Gulf of Mexico Oil Spill Research Symposium in Europe

The Technical University of Hamburg at Harburg (TUHH), Germany hosted the 1st Hamburg Symposium on Deep-Sea Oil Spills. (Photo provided by C-IMAGE)

(Click to enlarge) The Technical University of Hamburg at Harburg (TUHH), Germany hosted the 1st Hamburg Symposium on Deep-Sea Oil Spills. (Photo provided by C-IMAGE)

The Technical University of Hamburg at Harburg (TUHH), Germany hosted the 1st Hamburg Symposium on Deep-Sea Oil Spills on Wednesday September 4, 2013.  The conference brought together North American and European expertise to improve quick and effective response to future oil spills and minimize their environmental impact.

TUHH is a member of the Center for Integrated Modeling and Analysis of the Gulf Ecosystem (C-IMAGE) research consortium led by Steven Murawski with the University of South Florida. Murawski gave an overview of the Gulf of Mexico Research Initiative to 45 attendees who represented five countries, ten European agencies, three GoMRI-funded consortia, and private technology/instrument manufacturers. Murawski said, “This was a fantastic opportunity to coordinate the research projects that our European partners are undertaking and to foster potential additional collaborators in the private sector.  The capabilities and ongoing studies discussed at the symposium will be critical to better understanding the nature and consequences of the Deepwater Horizon oil spill and in helping the offshore oil industry to avoid such incidents in the future.” 

From L-R: Scientists Ana Gabriella Valladares Juarez (TUHH), Sara Lincoln (Pennsylvania State University, and Shokouh Rahsepar (Wageningen University) set up the high pressure chambers at the TUHH facility for microbial biodegradation studies using sediment samples from the Gulf of Mexico. (Photo provided by C-IMAGE)

(Click to enlarge) From L-R: Scientists Ana Gabriella Valladares Juarez (TUHH), Sara Lincoln (Pennsylvania State University, and Shokouh Rahsepar (Wageningen University) set up the high pressure chambers at the TUHH facility for microbial biodegradation studies using sediment samples from the Gulf of Mexico. (Photo provided by C-IMAGE)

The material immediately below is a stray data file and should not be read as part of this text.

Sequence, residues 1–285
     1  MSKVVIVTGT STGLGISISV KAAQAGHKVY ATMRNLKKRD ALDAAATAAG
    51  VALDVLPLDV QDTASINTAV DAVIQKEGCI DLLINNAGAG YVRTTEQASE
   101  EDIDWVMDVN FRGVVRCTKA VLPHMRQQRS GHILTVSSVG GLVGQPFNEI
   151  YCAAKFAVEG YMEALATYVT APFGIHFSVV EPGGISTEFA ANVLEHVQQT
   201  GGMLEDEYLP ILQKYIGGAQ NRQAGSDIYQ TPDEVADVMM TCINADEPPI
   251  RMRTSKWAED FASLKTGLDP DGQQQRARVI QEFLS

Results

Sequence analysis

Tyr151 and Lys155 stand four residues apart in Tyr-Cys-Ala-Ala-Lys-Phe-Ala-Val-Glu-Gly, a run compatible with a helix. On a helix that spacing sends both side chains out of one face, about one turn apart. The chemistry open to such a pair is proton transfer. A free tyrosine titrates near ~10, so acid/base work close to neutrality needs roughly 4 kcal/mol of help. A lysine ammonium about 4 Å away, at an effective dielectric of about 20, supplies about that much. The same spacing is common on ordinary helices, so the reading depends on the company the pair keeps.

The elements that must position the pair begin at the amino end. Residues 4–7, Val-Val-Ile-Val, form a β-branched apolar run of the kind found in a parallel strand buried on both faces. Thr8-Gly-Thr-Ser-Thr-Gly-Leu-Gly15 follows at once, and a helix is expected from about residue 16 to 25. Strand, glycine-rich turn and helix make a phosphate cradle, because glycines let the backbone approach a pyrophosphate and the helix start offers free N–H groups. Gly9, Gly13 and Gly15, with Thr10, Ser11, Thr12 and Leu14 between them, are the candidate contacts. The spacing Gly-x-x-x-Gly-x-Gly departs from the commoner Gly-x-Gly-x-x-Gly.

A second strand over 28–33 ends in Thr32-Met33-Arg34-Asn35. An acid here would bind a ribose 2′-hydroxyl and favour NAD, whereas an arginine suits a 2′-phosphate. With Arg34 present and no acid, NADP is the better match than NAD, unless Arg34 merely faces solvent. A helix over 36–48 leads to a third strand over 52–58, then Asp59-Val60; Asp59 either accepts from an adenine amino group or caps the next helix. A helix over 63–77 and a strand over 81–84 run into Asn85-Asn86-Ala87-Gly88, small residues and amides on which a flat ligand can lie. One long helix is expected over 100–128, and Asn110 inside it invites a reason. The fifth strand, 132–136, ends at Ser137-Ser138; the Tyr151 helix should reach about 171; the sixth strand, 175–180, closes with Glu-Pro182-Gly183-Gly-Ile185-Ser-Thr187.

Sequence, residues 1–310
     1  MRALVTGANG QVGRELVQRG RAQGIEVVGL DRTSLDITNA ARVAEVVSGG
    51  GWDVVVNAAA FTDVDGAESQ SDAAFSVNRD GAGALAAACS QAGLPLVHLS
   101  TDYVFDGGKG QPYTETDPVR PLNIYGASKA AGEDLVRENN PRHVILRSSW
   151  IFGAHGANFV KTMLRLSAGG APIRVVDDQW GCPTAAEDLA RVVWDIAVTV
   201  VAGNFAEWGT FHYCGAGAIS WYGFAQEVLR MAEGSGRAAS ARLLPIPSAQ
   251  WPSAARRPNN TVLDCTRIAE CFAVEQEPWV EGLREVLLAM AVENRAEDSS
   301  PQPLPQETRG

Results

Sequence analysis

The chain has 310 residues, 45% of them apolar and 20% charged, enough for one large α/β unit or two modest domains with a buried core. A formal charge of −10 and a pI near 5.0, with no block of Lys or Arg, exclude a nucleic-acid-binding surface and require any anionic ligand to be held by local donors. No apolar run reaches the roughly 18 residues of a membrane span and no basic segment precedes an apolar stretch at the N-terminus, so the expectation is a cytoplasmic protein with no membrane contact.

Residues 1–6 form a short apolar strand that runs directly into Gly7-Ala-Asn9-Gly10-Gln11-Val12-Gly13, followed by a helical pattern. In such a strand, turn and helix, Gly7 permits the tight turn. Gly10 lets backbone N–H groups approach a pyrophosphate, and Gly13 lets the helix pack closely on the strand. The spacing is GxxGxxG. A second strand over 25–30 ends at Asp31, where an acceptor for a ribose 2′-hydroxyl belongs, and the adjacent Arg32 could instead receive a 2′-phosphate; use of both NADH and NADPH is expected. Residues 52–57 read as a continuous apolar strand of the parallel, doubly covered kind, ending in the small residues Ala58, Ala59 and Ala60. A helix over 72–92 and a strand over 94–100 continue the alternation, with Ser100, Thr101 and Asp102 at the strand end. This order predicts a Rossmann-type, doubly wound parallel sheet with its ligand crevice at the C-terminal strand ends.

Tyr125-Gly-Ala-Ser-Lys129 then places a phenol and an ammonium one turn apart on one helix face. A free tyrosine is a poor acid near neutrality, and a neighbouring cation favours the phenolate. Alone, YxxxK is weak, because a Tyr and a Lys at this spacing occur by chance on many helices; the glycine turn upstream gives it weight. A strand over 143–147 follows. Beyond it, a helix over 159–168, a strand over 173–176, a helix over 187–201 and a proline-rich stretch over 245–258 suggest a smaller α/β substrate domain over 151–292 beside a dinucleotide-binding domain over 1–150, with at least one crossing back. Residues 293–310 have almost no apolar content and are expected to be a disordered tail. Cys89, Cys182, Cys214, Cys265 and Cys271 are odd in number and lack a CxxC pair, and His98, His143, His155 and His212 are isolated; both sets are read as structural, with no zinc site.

During the symposium, researchers presented work on multiphase flows (mixtures of oil and gas, similar to real-world conditions) under deep sea conditions. They discussed equipment and measurement techniques for high-pressure applications. Participants gained new insights into the biodegradation processes of oil under deep sea conditions and the role of dispersants and clay minerals in the formation and sedimentation of oiled marine snow aggregates.

TUHH houses a high pressure facility where closed chambers can be pressurized up to 550 times the atmospheric pressure at sea level and cooled to just above the freezing point of sea water for these experiments.  The Deepwater Horizon accident occurred at 150 times atmospheric pressure and about 4 degrees C, and many of the ongoing experiments simulate these conditions.

This research was made possible in part by a Grant from BP/The Gulf of Mexico Research Initiative (GoMRI) through the Center for Integrated Modeling and Analysis of the Gulf Ecosystem (C-IMAGE) consortium. The GoMRI is a 10-year, $500 million independent research program established by an agreement between BP and the Gulf of Mexico Alliance to study the effects of the Deepwater Horizon incident and the potential associated impact of this and similar incidents on the environment and public health.

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